The key pillars of Confuscious thought are: Legalist philosophy (which seeks to restrict the freedoms of the individual for the betterment of the collective) and Taoist philosophy (which focusses on luck and inheritence over social mobility). Some of these themes are still present in "Asian values".
The Portuguese explorer Jorge Alvares arrived in China in 1513.
The Portuguese and Spanish peacefully traded with China between this and the late 1600s.
The first contact between Britain and Ming China occured in 1637.
Trade began (but did not flourish) over the next century.
England did not want to trade its gold for the Chinese goods (especially tea) it desired.
In an attempt to create demand for a "British commodity" they flooded China with Opium.
When China responded the British used their superior navy assert their dominance.
- The Opium Wars (1839-1842) and (1857-1860) demonstrated that China was a second tier power.
- The Europeans used this to exert more pressure over trade.
- The 'unequal treaties' led to decreasing wealth and increasing social problems in China.
- This weakened the Qing dynasty.
- The Sino-Japanese War of 1894-1895 took all credibility from the Chinese government.
- They ceded Korea and Taipei to Japan.
- They also began losing control of the outer areas of China (including Manchuria where the Qing dynasty came from)
- The Qing dynasty ended in 1912.
- China fell into chaos. When the central government fell - regional leaders (who the west call warlords) took increased control over the country.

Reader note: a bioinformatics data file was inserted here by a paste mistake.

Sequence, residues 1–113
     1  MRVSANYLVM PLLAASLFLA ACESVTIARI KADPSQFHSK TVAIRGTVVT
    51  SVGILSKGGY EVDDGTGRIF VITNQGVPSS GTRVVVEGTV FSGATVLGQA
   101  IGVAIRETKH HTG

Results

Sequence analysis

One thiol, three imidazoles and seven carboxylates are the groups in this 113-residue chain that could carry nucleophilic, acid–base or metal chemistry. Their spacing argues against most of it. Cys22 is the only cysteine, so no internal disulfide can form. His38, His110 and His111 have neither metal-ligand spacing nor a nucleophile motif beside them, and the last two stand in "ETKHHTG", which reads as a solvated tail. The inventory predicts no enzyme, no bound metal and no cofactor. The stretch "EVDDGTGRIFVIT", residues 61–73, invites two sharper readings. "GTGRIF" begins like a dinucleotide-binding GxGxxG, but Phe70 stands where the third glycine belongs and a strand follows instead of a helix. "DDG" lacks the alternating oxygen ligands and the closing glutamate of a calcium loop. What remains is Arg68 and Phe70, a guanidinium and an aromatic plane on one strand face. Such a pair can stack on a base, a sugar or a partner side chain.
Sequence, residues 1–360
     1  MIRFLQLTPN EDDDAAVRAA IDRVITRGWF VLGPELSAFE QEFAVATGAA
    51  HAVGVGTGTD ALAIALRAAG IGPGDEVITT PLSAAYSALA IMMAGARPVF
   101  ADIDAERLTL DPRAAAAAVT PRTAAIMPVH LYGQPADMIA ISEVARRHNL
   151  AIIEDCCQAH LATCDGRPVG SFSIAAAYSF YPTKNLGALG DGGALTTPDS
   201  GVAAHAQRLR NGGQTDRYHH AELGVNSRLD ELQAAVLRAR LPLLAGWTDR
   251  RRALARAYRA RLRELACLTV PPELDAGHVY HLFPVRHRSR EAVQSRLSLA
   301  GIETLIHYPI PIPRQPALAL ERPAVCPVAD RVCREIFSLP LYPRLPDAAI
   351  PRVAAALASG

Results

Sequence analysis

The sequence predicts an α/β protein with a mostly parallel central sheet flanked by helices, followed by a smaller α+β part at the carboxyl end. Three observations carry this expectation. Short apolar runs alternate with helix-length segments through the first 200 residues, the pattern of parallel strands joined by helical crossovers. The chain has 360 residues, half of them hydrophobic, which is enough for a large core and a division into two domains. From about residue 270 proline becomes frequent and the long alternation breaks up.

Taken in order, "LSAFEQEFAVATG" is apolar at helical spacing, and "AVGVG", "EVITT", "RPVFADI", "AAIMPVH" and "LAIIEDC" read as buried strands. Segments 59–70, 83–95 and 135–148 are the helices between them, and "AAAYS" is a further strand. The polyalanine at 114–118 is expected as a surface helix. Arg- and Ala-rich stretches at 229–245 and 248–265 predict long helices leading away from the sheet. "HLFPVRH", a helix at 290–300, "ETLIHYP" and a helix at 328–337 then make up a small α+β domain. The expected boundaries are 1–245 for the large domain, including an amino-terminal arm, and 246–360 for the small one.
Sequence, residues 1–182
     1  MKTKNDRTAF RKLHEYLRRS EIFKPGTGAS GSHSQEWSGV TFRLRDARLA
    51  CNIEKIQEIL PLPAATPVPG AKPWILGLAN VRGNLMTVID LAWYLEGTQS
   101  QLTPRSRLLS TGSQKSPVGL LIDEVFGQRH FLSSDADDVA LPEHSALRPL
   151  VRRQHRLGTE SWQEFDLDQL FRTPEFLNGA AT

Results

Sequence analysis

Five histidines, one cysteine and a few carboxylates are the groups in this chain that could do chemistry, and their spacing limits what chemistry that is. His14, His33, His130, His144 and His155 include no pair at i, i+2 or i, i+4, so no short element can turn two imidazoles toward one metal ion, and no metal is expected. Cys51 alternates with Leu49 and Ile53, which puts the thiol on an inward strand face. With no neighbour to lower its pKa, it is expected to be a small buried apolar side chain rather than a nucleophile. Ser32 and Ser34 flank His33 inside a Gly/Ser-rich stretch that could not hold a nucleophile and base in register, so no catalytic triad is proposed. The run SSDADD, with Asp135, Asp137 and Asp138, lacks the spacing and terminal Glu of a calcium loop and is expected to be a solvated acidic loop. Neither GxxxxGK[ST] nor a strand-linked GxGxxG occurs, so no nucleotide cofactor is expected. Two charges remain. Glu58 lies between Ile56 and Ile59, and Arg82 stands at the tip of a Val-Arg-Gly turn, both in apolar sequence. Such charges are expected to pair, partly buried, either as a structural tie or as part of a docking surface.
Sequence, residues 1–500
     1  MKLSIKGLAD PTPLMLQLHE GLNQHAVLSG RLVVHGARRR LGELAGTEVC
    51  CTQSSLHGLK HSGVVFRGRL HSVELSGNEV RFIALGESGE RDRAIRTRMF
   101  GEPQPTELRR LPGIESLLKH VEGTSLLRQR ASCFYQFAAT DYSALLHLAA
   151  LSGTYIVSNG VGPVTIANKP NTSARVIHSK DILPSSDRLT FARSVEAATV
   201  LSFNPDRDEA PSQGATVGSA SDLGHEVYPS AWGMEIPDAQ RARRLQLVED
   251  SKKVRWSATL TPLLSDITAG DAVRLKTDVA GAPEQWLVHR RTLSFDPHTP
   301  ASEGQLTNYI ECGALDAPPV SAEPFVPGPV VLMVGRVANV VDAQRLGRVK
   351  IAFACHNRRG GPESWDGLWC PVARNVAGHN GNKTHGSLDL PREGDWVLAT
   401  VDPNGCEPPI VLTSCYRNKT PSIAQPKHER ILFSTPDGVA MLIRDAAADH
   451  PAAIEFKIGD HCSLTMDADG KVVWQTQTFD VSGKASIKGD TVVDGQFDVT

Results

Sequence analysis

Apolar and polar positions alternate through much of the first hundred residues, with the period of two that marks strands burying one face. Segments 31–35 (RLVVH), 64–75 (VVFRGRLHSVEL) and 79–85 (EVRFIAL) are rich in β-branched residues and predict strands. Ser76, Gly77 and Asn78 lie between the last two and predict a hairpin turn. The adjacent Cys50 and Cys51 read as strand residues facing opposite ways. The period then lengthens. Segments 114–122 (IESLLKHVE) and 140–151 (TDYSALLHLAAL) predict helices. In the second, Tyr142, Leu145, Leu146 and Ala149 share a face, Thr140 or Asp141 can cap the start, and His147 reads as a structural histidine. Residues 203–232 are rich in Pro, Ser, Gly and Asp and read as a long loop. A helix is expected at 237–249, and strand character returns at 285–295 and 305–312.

- By the late 1910s the forces for National unification (the Kuomintang army) had begun exerting its influence over the south.
- Many Chinese intellectuals were disappointed by the decline of their society to inferiority to the West.
- They began adopting European and Asian Nationalist philosophies in an attempt to rebiuld China as a truly great nation.
- The key leader in the 1910s-1920s was Dr. Sun Yat Sen (right). He reunified the nationalist forces under his "three principles philosophy". They can loosely be defined as "Nationalism, Democracy and Welfare".
- This unified China's Nationalist movement against the regional warlords - laying the framework for the wars of reunification.
- In 1921 the Communist Party of China was estasblished. It operated within the Nationalist movement for many years.
- In 1927 the leader of the Kuomintang (Chiang Kai Shek) purged the Communists initiating the long Chinese Civil War.
- The CCP were much more popular than the Kuomintang in rural China. During the Long March which followed the purges of 1927, the CCP made many friends and promises in areas of China long neglected by the central government.